Hello! I'm Kilda, I come from Belgium and I'm about to start my third year reading Medicine at the University of Oxford.
I have been tutoring Science, Maths, Piano and Music Theory since 2011. When I am tutoring, or trying to learn something myself, I always try to use not just a verbal explanation of the facts, but also diagrams and short-answer questions.I find this is the best way not only to memorise concepts, but also to fully understand them.
I am happy to help with GCSE Biology, Chemistry, Maths, Physics and French, and can also offer guidance to anyone thinking of applying to study Medicine. This could include practice inteviews, help with BMAT questions, advice on your personal statement or anything else you might find useful!
Please feel free to get in touch if you have any questions, I look forward to hearing from you!
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Please get in touch for more detailed availability
Ben (Student) October 12 2016
Ben (Student) September 21 2016
Ben (Parent) October 12 2016
Ben (Parent) September 5 2016
Information passes through nerves rapidly in the form of action potentials, or transient changes in voltage across the nerve cell membrane. Nerve cells, or neurons, are able to transmit action potentials thanks to specific ion channels in their membranes. At rest, the voltage across the membrane, or 'resting potential', is close to -70mV. At the start of an action potential, sodium channels in the membrane open, and positively charged sodium ions flow into the neuron, depolarising the membrane by driving the potential up to 30mV or higher. Slower-opening potassium channels allow potassium ions to flow out of the neuron, driven by the increase in charge inside due to the buildup of sodium. The efflux of potassium decreases membrane potential (hyperpolarises) to slightly below resting potential, reffered to as an 'overshoot'. Finally, resting potential is restored by the sodium-potassium pump, which uses energy from the breakdown of ATP to exchange sodium inside the cell for potassium outside. This sequence of events continues along the neuron axon as depolarisation of one segment causes sodium channels to open in the adjacent segment and the process to restart.see more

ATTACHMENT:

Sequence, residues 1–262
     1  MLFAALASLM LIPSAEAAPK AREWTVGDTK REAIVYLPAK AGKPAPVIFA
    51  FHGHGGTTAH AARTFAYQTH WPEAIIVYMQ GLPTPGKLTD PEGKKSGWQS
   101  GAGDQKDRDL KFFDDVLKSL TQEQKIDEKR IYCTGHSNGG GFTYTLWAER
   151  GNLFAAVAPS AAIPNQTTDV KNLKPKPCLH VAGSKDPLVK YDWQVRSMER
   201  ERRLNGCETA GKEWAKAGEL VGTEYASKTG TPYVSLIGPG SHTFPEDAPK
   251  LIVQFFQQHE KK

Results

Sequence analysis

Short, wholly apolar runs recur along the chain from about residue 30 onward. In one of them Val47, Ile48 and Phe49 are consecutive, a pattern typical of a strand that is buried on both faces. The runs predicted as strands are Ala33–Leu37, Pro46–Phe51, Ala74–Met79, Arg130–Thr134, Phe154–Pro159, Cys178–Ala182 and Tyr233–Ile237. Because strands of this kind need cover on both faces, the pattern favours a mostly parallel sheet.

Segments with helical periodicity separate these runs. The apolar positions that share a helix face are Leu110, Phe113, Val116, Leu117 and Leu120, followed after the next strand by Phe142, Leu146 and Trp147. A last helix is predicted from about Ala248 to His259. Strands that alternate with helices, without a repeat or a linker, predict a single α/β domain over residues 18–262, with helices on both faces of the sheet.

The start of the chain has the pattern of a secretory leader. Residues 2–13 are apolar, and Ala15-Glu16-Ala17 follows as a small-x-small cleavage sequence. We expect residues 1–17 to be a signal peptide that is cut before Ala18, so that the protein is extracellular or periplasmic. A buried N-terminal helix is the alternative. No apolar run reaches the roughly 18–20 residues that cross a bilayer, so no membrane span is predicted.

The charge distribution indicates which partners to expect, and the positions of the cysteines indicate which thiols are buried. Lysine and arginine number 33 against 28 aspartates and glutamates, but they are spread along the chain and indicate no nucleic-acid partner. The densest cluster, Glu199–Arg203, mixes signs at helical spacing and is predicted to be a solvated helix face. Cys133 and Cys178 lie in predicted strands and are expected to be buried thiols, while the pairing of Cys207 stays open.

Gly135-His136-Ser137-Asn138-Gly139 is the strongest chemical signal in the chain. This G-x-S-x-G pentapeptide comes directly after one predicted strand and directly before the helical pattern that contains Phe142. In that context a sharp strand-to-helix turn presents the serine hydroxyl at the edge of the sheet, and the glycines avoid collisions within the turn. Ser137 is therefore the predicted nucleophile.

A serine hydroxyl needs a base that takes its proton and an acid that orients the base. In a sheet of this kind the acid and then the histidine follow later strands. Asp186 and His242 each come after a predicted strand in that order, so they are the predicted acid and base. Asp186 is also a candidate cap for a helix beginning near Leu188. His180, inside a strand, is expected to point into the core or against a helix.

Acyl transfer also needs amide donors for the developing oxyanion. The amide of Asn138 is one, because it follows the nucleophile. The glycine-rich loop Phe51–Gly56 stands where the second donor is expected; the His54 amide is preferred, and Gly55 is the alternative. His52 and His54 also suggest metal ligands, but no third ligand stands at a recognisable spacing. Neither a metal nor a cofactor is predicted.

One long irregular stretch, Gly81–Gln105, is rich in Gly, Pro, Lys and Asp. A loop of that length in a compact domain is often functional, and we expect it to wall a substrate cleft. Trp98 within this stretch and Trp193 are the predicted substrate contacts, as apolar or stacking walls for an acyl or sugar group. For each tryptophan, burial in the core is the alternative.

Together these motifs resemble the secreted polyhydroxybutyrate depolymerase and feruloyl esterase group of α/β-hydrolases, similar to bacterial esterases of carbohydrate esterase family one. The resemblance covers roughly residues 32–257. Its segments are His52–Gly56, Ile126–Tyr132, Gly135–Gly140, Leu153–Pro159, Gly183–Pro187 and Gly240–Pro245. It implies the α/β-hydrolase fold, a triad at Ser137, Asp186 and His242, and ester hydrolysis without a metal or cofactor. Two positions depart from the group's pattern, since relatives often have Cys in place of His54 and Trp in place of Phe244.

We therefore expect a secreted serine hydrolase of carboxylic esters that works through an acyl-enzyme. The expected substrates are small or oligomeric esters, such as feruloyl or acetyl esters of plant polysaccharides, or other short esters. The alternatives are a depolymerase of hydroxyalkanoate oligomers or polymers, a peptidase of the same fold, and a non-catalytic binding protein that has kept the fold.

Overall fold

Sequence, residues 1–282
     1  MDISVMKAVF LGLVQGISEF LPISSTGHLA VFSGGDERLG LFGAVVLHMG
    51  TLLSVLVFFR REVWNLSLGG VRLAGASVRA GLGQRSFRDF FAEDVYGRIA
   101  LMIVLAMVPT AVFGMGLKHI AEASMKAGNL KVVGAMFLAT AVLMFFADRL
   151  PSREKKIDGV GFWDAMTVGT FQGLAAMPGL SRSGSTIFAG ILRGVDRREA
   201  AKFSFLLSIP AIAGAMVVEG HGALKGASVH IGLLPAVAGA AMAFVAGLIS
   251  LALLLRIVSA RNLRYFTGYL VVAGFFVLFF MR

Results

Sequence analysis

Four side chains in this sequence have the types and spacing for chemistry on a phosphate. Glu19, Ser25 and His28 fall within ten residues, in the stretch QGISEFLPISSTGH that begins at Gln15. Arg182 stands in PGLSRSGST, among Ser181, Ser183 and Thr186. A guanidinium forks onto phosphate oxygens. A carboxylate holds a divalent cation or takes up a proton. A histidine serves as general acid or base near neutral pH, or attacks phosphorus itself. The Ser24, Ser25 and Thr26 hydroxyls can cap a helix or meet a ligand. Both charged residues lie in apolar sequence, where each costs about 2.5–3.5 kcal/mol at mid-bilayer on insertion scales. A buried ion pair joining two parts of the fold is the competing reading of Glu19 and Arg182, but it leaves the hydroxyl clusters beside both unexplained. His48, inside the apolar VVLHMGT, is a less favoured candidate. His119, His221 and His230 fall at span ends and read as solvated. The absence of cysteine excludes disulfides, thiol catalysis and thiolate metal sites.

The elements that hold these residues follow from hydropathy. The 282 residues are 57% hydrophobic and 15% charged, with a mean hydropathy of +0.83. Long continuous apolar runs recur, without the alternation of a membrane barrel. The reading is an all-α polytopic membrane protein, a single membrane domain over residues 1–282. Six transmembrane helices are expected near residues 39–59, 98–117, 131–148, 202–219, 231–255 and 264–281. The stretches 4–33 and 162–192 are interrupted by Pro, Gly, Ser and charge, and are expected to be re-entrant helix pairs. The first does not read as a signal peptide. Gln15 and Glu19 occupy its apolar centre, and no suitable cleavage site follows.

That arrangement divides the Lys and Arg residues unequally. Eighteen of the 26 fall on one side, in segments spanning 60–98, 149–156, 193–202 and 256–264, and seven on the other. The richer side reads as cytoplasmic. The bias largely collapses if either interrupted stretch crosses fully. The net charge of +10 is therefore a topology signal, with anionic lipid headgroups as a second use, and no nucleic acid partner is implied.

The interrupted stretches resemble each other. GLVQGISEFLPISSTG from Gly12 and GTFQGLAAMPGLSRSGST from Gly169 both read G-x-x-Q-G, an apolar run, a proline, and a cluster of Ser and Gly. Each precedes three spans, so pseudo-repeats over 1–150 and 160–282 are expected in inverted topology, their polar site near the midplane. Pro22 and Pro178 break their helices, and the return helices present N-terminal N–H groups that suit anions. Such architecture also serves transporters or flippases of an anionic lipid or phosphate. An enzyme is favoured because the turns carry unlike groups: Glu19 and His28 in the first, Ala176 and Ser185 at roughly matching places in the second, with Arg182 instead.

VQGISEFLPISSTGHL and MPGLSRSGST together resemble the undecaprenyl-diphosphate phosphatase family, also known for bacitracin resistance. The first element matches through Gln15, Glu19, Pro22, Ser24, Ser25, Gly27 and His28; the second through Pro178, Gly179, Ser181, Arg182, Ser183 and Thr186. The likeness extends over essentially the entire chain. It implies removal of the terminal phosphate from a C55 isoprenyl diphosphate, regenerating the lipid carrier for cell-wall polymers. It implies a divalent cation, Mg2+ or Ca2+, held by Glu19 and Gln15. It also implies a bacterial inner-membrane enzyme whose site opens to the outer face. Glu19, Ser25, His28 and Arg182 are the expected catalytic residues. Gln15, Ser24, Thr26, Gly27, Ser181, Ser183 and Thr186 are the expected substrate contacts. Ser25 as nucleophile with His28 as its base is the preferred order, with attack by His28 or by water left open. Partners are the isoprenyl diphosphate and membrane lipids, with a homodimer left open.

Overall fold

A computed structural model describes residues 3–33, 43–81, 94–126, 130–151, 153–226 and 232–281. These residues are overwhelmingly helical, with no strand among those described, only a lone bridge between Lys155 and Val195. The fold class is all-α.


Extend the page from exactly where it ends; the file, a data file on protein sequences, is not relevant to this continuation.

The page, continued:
Most of our characteristics are encoded by a pair of alleles. These are different forms of the same gene, one inherited from the father and one from the mother. Inheriting a mutated allele can lead to disease in one of two ways. In 'dominant' diseases, such as Huntington's chorea, only one mutant allele need be inherited for the disease to develop. In 'recessive' diseases, such as cystic fibrosis, a person must inherit two mutant alleles, one from each parent, to be affected. Genetic counsellors commonly use Punnett squares to determine the probability that a given pregnancy will result in a child with a single-gene disorder. This involves drawing up all the possible combinations of the parents' alleles, and calculating the percentage or ratio of children which would be affected. A subset of single-gene disorders are said to be X-linked, as the alleles responsible are encoded on the X-chromosome. An interesting consequence of this is that although an X-linked disease may be classed as recessive, a boy can inherit only one mutant allele and still develop disease, as he has no second X-chromosome containing a healthy allele to offset the effects of the mutant one.see more